As part of my preparedness plan, I decided to make some strawberry freezer jam. Everyone in my family agrees that strawberry freezer jam is better than cooked jam and tastes most like fresh strawberries. If you have never made strawberry freezer jam, you are in for a treat. It is SO easy to make. I recommend that you use packaged pectin. But which brand of pectin is the best to use?
This week I experimented with different brands of pectin. I made three batches of strawberry freezer jam using three different pectin brands: MCP, Certo, and Sure-Jell. (By the way, although at one time they were three separate brands, they now are all part of the Sure-Jell brand label.)
Here is a rundown of my experience and the comparison of pectin in the three batches of strawberry jam.
Strawberry Jam Made with MCP Pectin
The MCP Pectin recipe called for three and a fourth cups of crushed strawberries, a fourth cup of fresh lemon juice, and four and a half cups of sugar. Neither the fruit nor the pectin is cooked, so it has a nice, fresh, strawberry taste. It made the biggest amount of jam and had a higher ratio of fruit to sugar than the other two pectin brands. The pectin tends to clump, so the trickiest part was making sure that the pectin was fully dissolved. It made six and three-quarter cups of jam.
Strawberry Jam Made with Certo Pectin
The recipe sing Certo uses two cups of crushed strawberries, two tablespoons of lemon juice, and four cups of sugar plus one pouch of liquid Certo Pectin. (A box of Certo Pectin contains two pouches of pectin.) Like the MCP recipe, it doesn’t require any cooking. The recipe calls for mixing the strawberries and sugar and letting it stand for ten minutes, stirring occasionally. I let it stand longer and stirred it more frequently to help dissolve the sugar. Next I stirred one pouch of Certo with the lemon juice and then stirred that mixture into the strawberries. The directions say to and continued stirring until the sugar was dissolved. It made five cups of jam.
Strawberry Jam Made with Sure-Jell Pectin
For the Sure-Jell recipe I used two cups of crushed strawberries—no lemon juice—and four cups of sugar. Like the Certo recipe, it calls for stirring the mixture to dissolve the sugar and takes longer than the recipe suggests. Next the recipe calls for stirring the pectin into three-fourths cup of water, boiling it for one minute, and adding it to the strawberry mixture and stirring for three minutes to dissolve the sugar. I found that it requires more than three minutes of stirring for the sugar to dissolve. It made about five and a quarter cups of jam.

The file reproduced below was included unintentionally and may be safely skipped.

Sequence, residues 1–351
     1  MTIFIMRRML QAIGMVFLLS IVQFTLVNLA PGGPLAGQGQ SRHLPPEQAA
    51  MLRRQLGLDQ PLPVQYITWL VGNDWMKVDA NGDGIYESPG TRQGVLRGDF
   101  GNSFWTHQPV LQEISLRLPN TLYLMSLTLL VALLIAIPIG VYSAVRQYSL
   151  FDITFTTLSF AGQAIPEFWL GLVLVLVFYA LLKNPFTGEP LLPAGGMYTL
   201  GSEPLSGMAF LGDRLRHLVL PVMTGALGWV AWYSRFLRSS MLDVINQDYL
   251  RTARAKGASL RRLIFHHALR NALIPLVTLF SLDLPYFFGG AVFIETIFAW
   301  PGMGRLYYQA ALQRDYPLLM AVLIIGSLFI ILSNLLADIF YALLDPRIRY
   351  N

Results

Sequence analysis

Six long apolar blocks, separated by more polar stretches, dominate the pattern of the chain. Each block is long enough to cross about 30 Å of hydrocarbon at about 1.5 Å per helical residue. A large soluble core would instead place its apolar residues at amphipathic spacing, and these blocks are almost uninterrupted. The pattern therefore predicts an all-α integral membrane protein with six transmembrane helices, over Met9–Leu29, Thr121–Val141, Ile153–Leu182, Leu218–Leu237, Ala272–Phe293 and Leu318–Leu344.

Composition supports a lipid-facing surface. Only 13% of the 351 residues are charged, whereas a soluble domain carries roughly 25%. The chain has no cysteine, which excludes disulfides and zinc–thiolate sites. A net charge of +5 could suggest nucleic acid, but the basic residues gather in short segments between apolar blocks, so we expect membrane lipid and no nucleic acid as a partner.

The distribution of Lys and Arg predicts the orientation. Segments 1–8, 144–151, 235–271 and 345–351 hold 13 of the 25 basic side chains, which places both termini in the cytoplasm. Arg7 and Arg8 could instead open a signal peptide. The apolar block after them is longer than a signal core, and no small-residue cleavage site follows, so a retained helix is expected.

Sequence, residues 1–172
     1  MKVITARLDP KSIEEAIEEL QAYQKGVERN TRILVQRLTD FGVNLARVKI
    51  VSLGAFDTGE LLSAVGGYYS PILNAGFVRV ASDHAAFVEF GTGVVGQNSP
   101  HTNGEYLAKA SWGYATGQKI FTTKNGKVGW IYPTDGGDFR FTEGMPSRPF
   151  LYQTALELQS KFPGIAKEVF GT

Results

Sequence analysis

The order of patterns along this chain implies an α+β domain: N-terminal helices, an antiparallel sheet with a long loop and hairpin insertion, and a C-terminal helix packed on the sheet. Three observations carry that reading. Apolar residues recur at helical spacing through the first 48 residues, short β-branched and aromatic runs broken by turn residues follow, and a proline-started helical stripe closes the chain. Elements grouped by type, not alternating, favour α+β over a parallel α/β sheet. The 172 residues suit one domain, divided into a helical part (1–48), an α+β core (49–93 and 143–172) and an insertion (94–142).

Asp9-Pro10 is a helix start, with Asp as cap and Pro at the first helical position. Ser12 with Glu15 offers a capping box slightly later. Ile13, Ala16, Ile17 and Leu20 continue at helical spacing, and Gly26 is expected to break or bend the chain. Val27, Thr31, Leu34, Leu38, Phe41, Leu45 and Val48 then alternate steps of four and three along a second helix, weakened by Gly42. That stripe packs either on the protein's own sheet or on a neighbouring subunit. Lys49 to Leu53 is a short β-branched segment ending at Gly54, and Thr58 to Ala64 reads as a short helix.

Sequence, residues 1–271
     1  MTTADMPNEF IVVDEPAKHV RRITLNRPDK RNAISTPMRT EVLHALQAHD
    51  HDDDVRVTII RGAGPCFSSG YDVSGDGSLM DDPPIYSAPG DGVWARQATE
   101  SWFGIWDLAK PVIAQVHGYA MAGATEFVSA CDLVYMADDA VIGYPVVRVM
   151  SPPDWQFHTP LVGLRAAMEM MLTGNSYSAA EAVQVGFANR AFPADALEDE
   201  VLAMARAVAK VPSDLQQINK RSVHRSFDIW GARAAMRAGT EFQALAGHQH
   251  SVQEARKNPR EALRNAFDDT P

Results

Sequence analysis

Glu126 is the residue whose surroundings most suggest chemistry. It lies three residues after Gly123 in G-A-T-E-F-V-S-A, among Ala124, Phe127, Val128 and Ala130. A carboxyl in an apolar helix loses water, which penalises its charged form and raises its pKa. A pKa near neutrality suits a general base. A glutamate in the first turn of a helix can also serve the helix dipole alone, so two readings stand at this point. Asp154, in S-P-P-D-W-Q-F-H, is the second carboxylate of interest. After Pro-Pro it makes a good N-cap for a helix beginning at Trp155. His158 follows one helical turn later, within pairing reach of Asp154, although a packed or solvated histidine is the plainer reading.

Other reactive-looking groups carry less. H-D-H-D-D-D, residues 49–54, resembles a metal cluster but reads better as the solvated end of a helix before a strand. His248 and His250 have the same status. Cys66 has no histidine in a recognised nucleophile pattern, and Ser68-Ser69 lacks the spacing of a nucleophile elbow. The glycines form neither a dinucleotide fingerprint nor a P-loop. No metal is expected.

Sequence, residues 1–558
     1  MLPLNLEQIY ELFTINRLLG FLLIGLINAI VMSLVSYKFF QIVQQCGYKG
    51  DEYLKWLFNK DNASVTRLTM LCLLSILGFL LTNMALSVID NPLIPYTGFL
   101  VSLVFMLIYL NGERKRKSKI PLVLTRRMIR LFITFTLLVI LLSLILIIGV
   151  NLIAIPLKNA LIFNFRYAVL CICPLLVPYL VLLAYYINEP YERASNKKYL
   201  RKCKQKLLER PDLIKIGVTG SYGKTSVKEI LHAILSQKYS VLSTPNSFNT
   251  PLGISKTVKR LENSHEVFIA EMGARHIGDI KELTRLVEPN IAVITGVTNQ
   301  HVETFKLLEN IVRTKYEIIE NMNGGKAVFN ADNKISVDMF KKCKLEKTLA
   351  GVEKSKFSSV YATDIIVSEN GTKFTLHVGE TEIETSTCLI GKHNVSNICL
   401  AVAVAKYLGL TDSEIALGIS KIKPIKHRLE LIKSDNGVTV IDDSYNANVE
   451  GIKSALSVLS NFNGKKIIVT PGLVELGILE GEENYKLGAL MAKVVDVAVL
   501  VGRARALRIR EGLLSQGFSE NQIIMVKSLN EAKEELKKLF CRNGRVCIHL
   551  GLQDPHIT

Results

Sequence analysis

Tips for Using Packaged Pectin to Make Strawberry Freezer Jam
1. Use fresh, high quality fruit. I used strawberries from our garden. I discard any fruit that I wouldn’t want to eat. I get rid of any bruised or overripe berries and cut away any place where insects or slugs have taken a bite.
2. Crush berries using a potato masher or firm pastry blender. I don’t recommend a food processor or blender because they whip too much air into the fruit which causes the fruit to float to the top of the jars.
2. Follow measurements meticulously. The package directions warn about this and it is important.
3. Make sure that sugar and pectin are dissolved as completely as possible. It may take more stirring and a bit more time than the recipe states.
4. Keep the spoons you stir with clean—no tasting and reusing the spoon.
5. Be sure the pectin is not past its best-if-used-by date.
Which Brand of Pectin is Best for Making Strawberry Freezer Jam?
Based on my experiments with the three national brands, I found that MCP had a slight edge over Certo and Sure-Jell. I like it best because it was slightly less complicated to make, has a larger proportion of fruit to sugar, and made a slightly bigger batch of jam. In the past I have had some issues with freezer jam not setting up, but this time all three brands successfully set up. I attribute that to carefully measuring and completely dissolving the sugar and pectin.